Epidemiology and Outcome Trends of Hospitalized Infants With RSV Bronchiolitis During 1997-2016
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Pediatrics, Worldwide Data, 2022
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INTRODUCTION: Respiratory syncytial virus (RSV) is the most common viral infection in infants. The aims of this study were to describe the epidemiology and to analyze the trends in prevalence, the presence of complex chronic condition (CCC), and use of invasive mechanical ventilation (IMV), and mortality rate in infants that required hospitalization for RSV infection during 1997 to 2016. 
METHODS: A retrospective analysis of the Healthcare Cost and Utilization Project’s Kids’ inpatient Database from 1997 to 2016 was performed. RSV infection in the age group 29 days to 1 year was identified with the use of appropriate ICD 9 and 10 codes. Demographic and outcome data were compared between infants with and without RSV infection (SPSS, IBM). Trend analyses were performed using StatCalc (Epi Info, CDC). 
RESULTS: A total of 416,723 (5.5%) of 7,544,391 hospital discharges during infancy represented RSV bronchiolitis. Infants with RSV bronchiolitis were predominantly male (58%), white (47.5%) and 3.8% had an associated CCC. Most children were discharged during Jan-Mar (62%) and least during July-Sept (2.2%). RSV bronchiolitis discharges were relatively more frequent in the midwest and west compared to other discharges (p < 0.05). The use of IMV ranged from 2.5% in 1997 to 5% in 2016 (p < 0.001). Associated CCC was present in 3.7% in 1997 and increased to 7.5% in 2016 (p < 0.001). The mortality rate in all RSV infants decreased from 0.12% in 1997 and to 0.06% in 2012 (p < 0.05). IMV was used in 3.2% of infants with RSV bronchiolitis compared to 20.1% of those with CCC (OR:9.8, 95%CI:9.4-10.2; p < 0.001). The mortality rate for RSV bronchiolitis was significantly higher with the presence of CCC (1.57% vs 0.03%; OR 51.4, 95%CI: 41.4-63.8; p < 0.001). The use of IMV increased and the mortality rate decreased in infants with RSV and CCC during the study period (p < 0.05).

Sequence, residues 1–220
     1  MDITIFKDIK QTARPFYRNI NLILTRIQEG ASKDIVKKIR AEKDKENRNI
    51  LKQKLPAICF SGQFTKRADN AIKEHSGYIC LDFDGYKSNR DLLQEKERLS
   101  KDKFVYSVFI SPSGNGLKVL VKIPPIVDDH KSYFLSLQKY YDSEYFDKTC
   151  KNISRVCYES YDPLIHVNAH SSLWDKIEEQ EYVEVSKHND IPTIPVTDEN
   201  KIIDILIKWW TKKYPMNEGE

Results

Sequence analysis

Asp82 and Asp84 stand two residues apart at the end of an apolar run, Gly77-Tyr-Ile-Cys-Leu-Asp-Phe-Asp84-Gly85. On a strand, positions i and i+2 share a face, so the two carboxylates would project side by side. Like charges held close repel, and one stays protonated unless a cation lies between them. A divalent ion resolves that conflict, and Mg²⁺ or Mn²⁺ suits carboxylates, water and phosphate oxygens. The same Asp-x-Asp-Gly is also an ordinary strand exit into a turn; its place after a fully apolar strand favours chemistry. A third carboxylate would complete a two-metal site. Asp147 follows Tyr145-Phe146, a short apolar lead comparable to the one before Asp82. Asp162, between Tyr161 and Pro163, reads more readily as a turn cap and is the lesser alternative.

CONCLUSION:This large national cohort study shows that the prevalence of RSV bronchiolitis, the presence of CCC and the use of IMV increased from 1997 to 2016 in infants hospitalized with RSV bronchiolitis while mortality decreased. The presence of CCC is associated with increased use of IMV and mortality. There are seasonal and regional variation in hospitalization rates for infants with bronchiolitis.
Meta Tag
Content Type Presentation
Knowledge Area Pediatrics
Knowledge Area Worldwide Data
Knowledge Level Intermediate
Knowledge Level Advanced
Membership Level Select
Tag Respiratory Syncytial Virus RSV
Tag Epidemiology Outcomes
Tag Airway Management
Tag Mortality
Year 2022
RSV bronchiolitis
mortality rate


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